Why were British troops slaughtered at Isandlwana - Page 7




 
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December 19th, 2011  
BritinAfrica
 
 
Quote:
Originally Posted by Trooper1854
The thing was, the European forces didn't just underestimate the Zulus once, at Isandlwhana, but at subsequent battles leading up to the final battle at Ulundi where they finaly did form a square with artillery and gattling guns. But, by then the Zulu army had lost some of its fighting spirit. They were tired of the war, and knew they couldn't win.
Ultimately its a war that should never have been fought.
Same as the Boer War, another lesson that the British learned and then forgot during WW1.
December 19th, 2011  
Del Boy
 
Great Posts guys. Soaking it up here, mostly news to me in the detail.
December 20th, 2011  
Trooper1854
 
 
The Zulus launched a disciplined and co-ordinated attack on an over confident, ill prepared opposition. Numerous factors were involved, including the expert way the Zulus were able to deceive the British/European force into their where abouts and numbers.
The chain of command on the Bitish side was fragmented and confused.
The man left in charge of the camp had never heard a shot fired in anger.
Lord Chelmsford was arrogant and over confident. He failed to observe his own field directives and ignored what his scouts were telling him because it did not agree with his own views.
The reasons go on and on. We were beaten because we though we were fighting a bunch of savages armed with only spears.
One of the most telling eyewitness testemonies from a survivor was how the Zulus had observed how the artillery crews would step away from the gun before firing. They would then hit the ground to minimise the effect of the shot on them.
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December 20th, 2011  
BritinAfrica
 
 
Good post Trooper.
December 20th, 2011  
Trooper1854
 
 
Quote:
Originally Posted by BritinAfrica
Good post Trooper.
Thank you, your comment is appreciated.
December 20th, 2011  
muscogeemike
 
Fine analysis - anybody else see similarities between Lord Chelmsford and this action - and Gen. Braddock’s expidition in the French and Indian War?
December 21st, 2011  
Trooper1854
 
 
Quote:
Originally Posted by muscogeemike
Fine analysis - anybody else see similarities between Lord Chelmsford and this action - and Gen. Braddock’s expidition in the French and Indian War?
You can add so many other military leaders to a list of commanders who have made similar mistakes, right upto and including the most recent of conlicts.
We underestimate our enemy.
We forget lessons from previous conflicts.
Suddenly we incur avoidable losses and then we run around implemented earlier procedures, and tactics like we've had a vision!
December 21st, 2011  
BritinAfrica
 
 
Quote:
Originally Posted by muscogeemike
Fine analysis - anybody else see similarities between Lord Chelmsford and this action - and Gen. Braddock’s expidition in the French and Indian War?
Sorry Mike, I have no idea regarding the French and Indian War. As a boy at school I had enough to contend with trying to remember British History, what prince married who, what year, how old they were, what did they have for breakfast, when did they die and how many children did they produce.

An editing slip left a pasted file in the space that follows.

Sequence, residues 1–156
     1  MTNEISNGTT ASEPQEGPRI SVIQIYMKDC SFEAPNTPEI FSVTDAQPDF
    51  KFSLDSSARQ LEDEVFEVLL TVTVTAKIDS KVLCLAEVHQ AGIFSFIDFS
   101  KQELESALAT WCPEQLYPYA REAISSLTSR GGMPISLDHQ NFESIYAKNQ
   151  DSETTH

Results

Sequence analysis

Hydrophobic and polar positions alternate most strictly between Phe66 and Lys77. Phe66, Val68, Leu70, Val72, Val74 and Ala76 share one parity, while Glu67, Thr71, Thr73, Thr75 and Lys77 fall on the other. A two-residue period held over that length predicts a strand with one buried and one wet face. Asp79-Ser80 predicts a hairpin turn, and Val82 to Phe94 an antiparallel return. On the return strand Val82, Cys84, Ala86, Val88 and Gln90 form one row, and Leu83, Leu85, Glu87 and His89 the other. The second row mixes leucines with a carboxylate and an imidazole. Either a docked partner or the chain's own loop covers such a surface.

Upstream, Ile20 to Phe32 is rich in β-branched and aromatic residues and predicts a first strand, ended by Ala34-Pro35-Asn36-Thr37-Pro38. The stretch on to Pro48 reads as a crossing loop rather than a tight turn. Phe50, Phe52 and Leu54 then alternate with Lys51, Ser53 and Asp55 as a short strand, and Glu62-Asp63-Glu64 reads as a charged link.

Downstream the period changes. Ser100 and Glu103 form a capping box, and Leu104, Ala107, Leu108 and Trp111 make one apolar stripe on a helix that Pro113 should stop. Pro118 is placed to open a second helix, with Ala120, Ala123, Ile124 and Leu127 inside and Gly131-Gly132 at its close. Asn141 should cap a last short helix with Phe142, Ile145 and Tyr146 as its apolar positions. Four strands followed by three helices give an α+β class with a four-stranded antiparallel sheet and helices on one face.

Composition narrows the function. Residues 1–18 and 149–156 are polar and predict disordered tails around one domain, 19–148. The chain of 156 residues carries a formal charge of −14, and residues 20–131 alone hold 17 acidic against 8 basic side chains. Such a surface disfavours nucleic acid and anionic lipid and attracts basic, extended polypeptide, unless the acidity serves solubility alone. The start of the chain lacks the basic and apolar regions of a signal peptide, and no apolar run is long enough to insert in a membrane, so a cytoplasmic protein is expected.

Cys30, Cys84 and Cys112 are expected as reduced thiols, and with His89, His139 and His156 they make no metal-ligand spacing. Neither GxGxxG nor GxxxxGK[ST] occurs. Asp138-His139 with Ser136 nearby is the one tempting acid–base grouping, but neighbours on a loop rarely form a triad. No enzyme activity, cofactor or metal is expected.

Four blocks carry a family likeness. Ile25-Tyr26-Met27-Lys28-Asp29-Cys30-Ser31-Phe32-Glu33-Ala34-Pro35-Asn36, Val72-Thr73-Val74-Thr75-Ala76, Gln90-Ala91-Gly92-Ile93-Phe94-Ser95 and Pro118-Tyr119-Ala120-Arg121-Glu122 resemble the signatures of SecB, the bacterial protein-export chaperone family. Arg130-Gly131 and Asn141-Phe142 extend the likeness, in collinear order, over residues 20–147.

It must be remembered that although only junior officers, Lt's Chard and Bromhead fought the Battle of Rorkes Drift with far more professionalism then senior officers at Isandlwana.

Lt Chard died of cancer in 1897 in Taunton Somerset, a month before his 50th birthday.

Until 2003, the bravery of Lt. Chard was commemorated by the South African Army with the John Chard Decoration.*

Stanley Baker owned Lt Chards VC from 1972 until his death in 1976

Lt Bromhead died in India of Typhoid Fever on 9 February 1891, at the age of 45, at Camp Dabhaura
December 21st, 2011  
Trooper1854
 
 
Quote:
Originally Posted by BritinAfrica
Stanley Baker owned Lt Chards VC from 1972 until his death in 1976
The sad thing here is that Stanley Baker thought he owned a replica and it was only confirmed as the original after his death.
December 21st, 2011  
BritinAfrica
 
 
A sad end to Rorkes Drift was Corporal Schiess.

He was 22 years old, and a corporal in the Natal Native Contingent, South African Forces during the Zulu War. On 22 January 1879, at Rorke's Drift, Natal, Corporal Schiess, in spite of having been wounded in the foot a few days previously, displayed great gallantry when the garrison had retired to the inner line of defence and the Zulus had occupied the wall of mealie bags which had been abandoned. He crept along the wall in order to dislodge one of the enemy and succeeded in killing him and two others before returning to the inner defences.

Schiess was the first man serving with South African Forces under British Command to receive the VC.

After the volunteer forces were disbanded, he failed to find work, even from British authorities. In 1884, he was found on the streets of Simons Town near Cape Town suffering from exposure and malnutrition. The Royal Navy found him, gave him food, and offered him a passage to England on board the Serapis. He accepted, but became ill during the voyage and died. His remains were buried at sea at approximately 13°00′S 07°24′W . (Just off the coast of Angola) It is unknown if there was a portrait of Corporal Schiess. According to some, in Lady Butler's painting of "Rorke's Drift" he is shown lying at left against the mealie bags.

His Victoria Cross is displayed at the National Army Museum (Chelsea, England).
 


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